[audio http://eamann.com/wp-content/uploads/2012/11/Character_Quest_Service.mp3]

I don't know about you, but my last week was awesome.  Last Sunday, I abandoned all connections with the real world - electricity, phone, Internet, news - and took 27 youth to Boy Scout camp.  It was fantastic!  There were shooting sports, a lake with no fish to fish in, running, cycling, hiking. I'm sure the Scouts had a blast, too.

But being at camp was a great opportunity for me to reflect on a message about service.  Particularly because there were copious opportunities for service while I was at camp.

We Are Made to Work

One man, Chris, has been the Scoutmaster of the troop I work with for several years. He's great at his job, and never shies away from a chance to do work for the Scouts.  This man was built to work. As a matter of fact, on Tuesday while I was busy preparing some dessert for the Scouts, he announced quite loudly that he was off to take a shower.

It was only 6pm, so it seemed a bit odd, but to each his own.  Well, 3 hours later he strolled back into camp with his shower kit in hand.

What, ran out of hot water after 3 hours?

No. It's so dark I couldn't see the bottom of the hole I was digging any more.

Once again, he was fed up with being idle and went back to work on a project we'd started the day before.  There was plenty of work to be done, and he definitely was keeping up with things.

Like Chris, we are all built to work.  And there is plenty of Biblical evidence to support this.

Genesis 1:27 is a poem telling the creation story - emphasizing the fact that we are created in the image of God.  Genesis 1:1 shows us that our God - our creator - is a God who works. Therefore we, being made in the image of a God who works, are also made to work.

We Are Made for Good Works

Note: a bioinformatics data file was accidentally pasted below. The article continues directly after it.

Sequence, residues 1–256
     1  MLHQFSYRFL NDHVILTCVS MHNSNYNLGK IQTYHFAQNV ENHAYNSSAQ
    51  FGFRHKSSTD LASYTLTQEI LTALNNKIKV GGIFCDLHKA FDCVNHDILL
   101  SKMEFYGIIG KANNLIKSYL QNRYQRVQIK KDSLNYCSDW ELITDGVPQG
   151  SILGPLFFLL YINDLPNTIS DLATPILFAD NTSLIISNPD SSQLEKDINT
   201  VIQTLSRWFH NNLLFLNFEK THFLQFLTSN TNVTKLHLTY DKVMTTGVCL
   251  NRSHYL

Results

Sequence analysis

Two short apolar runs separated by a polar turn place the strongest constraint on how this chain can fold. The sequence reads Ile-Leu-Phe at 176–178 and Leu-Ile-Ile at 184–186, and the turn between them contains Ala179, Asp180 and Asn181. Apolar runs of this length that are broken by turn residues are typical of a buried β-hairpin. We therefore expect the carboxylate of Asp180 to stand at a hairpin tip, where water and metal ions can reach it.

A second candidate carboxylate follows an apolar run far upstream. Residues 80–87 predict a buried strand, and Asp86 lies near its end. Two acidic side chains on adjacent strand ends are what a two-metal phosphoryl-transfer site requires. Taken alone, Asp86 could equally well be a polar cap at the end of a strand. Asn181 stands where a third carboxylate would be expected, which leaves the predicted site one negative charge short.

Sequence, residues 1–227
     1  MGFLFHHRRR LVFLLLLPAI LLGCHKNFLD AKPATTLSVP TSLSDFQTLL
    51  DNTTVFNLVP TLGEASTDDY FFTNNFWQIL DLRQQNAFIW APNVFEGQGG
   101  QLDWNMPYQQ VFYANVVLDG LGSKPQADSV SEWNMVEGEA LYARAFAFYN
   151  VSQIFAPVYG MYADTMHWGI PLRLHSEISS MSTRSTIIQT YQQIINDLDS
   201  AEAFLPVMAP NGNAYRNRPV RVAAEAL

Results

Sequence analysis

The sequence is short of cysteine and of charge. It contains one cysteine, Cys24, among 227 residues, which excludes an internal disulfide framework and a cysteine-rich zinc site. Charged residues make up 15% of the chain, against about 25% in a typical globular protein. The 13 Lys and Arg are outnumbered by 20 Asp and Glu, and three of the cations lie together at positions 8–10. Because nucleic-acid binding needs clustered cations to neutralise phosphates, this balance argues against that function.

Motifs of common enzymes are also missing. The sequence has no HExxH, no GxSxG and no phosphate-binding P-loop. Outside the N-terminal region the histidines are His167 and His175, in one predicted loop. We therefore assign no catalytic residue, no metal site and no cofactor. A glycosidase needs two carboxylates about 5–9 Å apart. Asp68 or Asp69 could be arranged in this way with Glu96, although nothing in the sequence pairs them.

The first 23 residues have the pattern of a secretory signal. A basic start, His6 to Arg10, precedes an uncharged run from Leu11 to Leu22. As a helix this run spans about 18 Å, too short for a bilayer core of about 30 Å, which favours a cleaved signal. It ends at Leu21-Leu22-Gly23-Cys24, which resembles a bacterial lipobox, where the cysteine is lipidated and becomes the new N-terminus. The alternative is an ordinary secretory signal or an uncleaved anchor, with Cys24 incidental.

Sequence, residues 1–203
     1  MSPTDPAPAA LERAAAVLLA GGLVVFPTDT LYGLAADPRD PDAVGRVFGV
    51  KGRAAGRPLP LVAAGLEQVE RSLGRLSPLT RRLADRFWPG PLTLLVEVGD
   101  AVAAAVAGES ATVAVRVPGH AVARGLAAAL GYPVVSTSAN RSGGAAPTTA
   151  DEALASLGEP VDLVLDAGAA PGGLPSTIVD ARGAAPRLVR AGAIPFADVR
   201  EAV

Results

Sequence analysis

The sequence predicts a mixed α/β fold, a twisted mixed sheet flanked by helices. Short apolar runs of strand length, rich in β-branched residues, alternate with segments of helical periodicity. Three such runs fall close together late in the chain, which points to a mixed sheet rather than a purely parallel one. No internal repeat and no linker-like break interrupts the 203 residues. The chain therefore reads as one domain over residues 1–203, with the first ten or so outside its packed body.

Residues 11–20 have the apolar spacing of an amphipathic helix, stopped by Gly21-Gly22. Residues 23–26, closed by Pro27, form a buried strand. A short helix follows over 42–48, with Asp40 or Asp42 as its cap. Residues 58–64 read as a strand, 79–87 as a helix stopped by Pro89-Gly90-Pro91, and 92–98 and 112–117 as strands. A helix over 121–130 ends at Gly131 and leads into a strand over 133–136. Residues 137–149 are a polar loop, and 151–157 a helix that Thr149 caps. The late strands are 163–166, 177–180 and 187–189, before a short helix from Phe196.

My friend, Aaron, is the live-in ranger at the camp we went to last week.  I've known him for about 10 years now, and he has a pretty good idea of what I can and can't do.  So, when he found out I'd be at camp this year, he put together a to-do list for me.  Unfortunately, I wasn't able to get to all the tasks he had set up, but I did get through quite a bit of work.

Knowing that your task list is ready and waiting is refreshing.  You don't have to plan things on your own; just show up and start working.  What kind of work?  It doesn't much matter if your list of objectives is pre-planned.

But we were not just made to work, we were made for a specific kind of work.  You've probably read Ephesians 2:8-9 or heard it quoted several times - it's a great reminder that we are saved not through our works, but through our faith in Christ.  But keep reading through verse 10 and you see that we are still purposed for works; specifically, we are meant to do "good works that were prepared in advance for us to do."

"Good works" is a bit of an ambiguous phrase. But according to one scholar - Martin H. Manser - good works are defined as:

Acts designed specifically to benefit others, which are characteristic of God.

In a nutshell, we were built to work - but not just any kind of work, specifically prepared good works that benefit others.  We were made to serve.

We Were Given an Example

One of the first men I met at summer camp when I was 12 was George Beal. He was one of the founders of my favorite camp. To this day, at the age of 96, he still volunteers for at least 1 week a year for each of the camps in the area.  He shows up, grabs some hedge clippers, and hikes off down the trail to clear brush.

It's incredible. And he's exactly the kind of person I want to be when I reach that age. The kind who never slows down and never quits giving to a meaningful organization.

As Christians, we are also given an example to follow with regards to service to one another - Christ.

Philippians 2:3-7 provides a detailed example of how Christ gave up privilege and power and made his needs subservient to those of the church in order to reconcile us to God.

This passage, in context, isn’t just about Jesus’ sacrifice for us. It’s part of a greater set of instructions from Paul on how we are meant to relate to one another. We are to look to Christ’s example - how we descended from honor to shame for our sake - in how we treat one another. In how we serve one another.

In Conclusion

So today there are really three points you need to remember:

  1. That we were made expressly for the purpose of working
  2. That we were made to do specific good works that were prepared in advance
  3. That we were given the model of Christ to follow as we do these works in the service of others

How can this be reflected in your own life? How can you serve in your job? How can you serve in your family? How can you serve in your extracurricular activities?

How are you meant to serve others and what good works do you feel God calling you to today?